American writer Henry Miller said, "Art teaches nothing, except the significance of life." Few teachers would argue the importance of teaching art in schools. How many times have you seen a student who struggles in every other subject light up when you do the simplest art project? You don't need to be Picasso to teach valuable artistic concepts in your classroom, but you may need a little guidance. These art lessons will fill the void, give you perspective, and move you into motion!
When you think about art, does the phrase "I can't draw" come to mind? Many teachers realize that their best efforts don't come close to those of "real" artists, but don't let that stop you! With these art lessons, even your artistic skills will improve.
Draw a panda. Students of any age can learn to draw a simple Panda with the help of instructions from Draw and Color With Uncle Fred. Cartoonist Fred Lasswell's Web site offers directions for drawing many different figures that students may then color in any way they choose. The drawings use basic shapes that reinforce students' understanding of geometry and help them reduce objects in their minds to their components. It is then easier for students to re-create the objects on paper.
Make "camouflage art." Follow the set of instructions at The Art of Camouflage to help your students better understand how some animals protect themselves through their appearance. Everyone is familiar with the chameleon, whose ability to change its color allows it to blend in with its surroundings and keep itself safe from harm. In this activity, students cut out a picture of an animal that uses special resemblance or general resemblance as a means of protection. Students then paste the picture to a sheet of construction paper in a similar color and add details to disguise the creature. You will find this plan and others on the Art Junction Web site.
Using "value" in drawings. Most students realize on their own that they can make lighter and darker shades by adjusting the pressure that they put on their pencils as they draw, but there is more to using shades in drawing. The Values of Color: Drawing Shades and Tints demonstrates this process with colored pencils and paper. As a follow-up to the activity, A Lifetime of Color Lesson Plans presents Making Forms: 3-D Shapes. In this lesson, students experiment with drawing spheres, cones, cubes, pyramids, and cylinders. They use tint and shadow to make the shapes appear to be three-dimensional.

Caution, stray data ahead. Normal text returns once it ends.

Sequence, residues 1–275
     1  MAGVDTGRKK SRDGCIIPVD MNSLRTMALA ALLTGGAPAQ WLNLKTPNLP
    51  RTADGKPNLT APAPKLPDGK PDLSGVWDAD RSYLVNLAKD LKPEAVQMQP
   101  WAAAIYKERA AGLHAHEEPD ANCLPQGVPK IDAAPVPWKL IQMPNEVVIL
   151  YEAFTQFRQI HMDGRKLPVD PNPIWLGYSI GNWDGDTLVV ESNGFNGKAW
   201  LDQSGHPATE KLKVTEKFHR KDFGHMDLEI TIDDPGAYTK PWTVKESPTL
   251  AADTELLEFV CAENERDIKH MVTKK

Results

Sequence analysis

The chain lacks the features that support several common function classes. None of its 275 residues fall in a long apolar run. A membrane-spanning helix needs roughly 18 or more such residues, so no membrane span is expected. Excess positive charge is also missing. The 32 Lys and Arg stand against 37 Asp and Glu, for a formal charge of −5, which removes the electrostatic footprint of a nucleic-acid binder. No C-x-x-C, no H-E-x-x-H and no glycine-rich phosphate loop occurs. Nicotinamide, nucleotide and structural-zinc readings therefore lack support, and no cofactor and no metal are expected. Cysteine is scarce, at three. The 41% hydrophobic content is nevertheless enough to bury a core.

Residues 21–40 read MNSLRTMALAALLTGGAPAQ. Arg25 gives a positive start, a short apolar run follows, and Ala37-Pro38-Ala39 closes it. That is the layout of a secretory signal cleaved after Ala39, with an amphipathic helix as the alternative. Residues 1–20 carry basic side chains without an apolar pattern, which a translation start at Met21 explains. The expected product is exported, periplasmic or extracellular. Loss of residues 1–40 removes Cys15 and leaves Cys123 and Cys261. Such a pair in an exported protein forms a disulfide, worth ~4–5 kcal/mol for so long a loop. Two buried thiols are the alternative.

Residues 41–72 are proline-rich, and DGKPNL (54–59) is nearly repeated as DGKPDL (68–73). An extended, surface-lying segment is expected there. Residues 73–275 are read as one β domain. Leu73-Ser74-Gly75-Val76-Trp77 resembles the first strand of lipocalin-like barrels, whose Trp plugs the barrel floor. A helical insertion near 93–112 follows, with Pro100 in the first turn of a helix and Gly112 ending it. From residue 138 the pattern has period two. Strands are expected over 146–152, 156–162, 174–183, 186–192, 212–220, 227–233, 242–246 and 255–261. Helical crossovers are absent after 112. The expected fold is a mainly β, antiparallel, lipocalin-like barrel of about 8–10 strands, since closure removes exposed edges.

Comparing paintings. Have you ever noticed that you can discover more about something when you compare it with another object? In Double Visions, the creators of Eyes on Art invite your students to compare two paintings that have some similarities and differences. There are nine sets of paintings to choose from. Each set has questions for students to answer that discuss the subject, composition, feeling, use of color, artist's intent, and elements of design in each painting. In addition to this activity, three other lessons that involve on-line art galleries and a quiz are included.
Investigating art careers. Elementary-school students discover many careers in art through an organized set of centers in this activity by Helen Robertson and offered through ArtsEdge. In Arts Careers, the children get to play the roles of a makeup artist, a fashion designer, an architect, a jewelry designer, and a graphic artist. Suggested materials for each center are listed. Encourage your students to develop their artistic skills by showing them ways to turn art into careers!
Designing a landscape. Landscapes are among some of the most beautiful artistic creations that mimic real life. Using the lesson Landscape Collage, your students will create a landscape design on paper in silhouette form. They will glue it onto a background and add details that will bring the landscape to life. This lesson is from Dede Tisone-Bartels' Art Lessons, a series of basic art lessons addressing art history as well as techniques for drawing with pencils, using colored markers, creating collages, and mixing paint.
Creating pencil drawings. Wonderful art lessons that teach drawing techniques with pencils are presented by HomeSchoolArts.com. Pencil or Graphite Lesson explains the methods of drawing called flat line drawing, accent line drawing, pointillism, scribbling, cross hatch, and smudge. Who would have thought that so much could be done with a pencil? Through simple assignments that are illustrated well, students learn to experiment with their pencil drawings to make them more interesting and realistic.
Celebrate" art. A series of Art & Language Arts lesson plans can be found on the site of the J. Paul Getty Trust. These are K-5 lesson plans created by teachers in Los Angeles, but they are of value to any teacher. Most of them involve works of art from the Getty collection; images of the works are provided.
Article by Cara Bafile
Copyright © 2009 Education World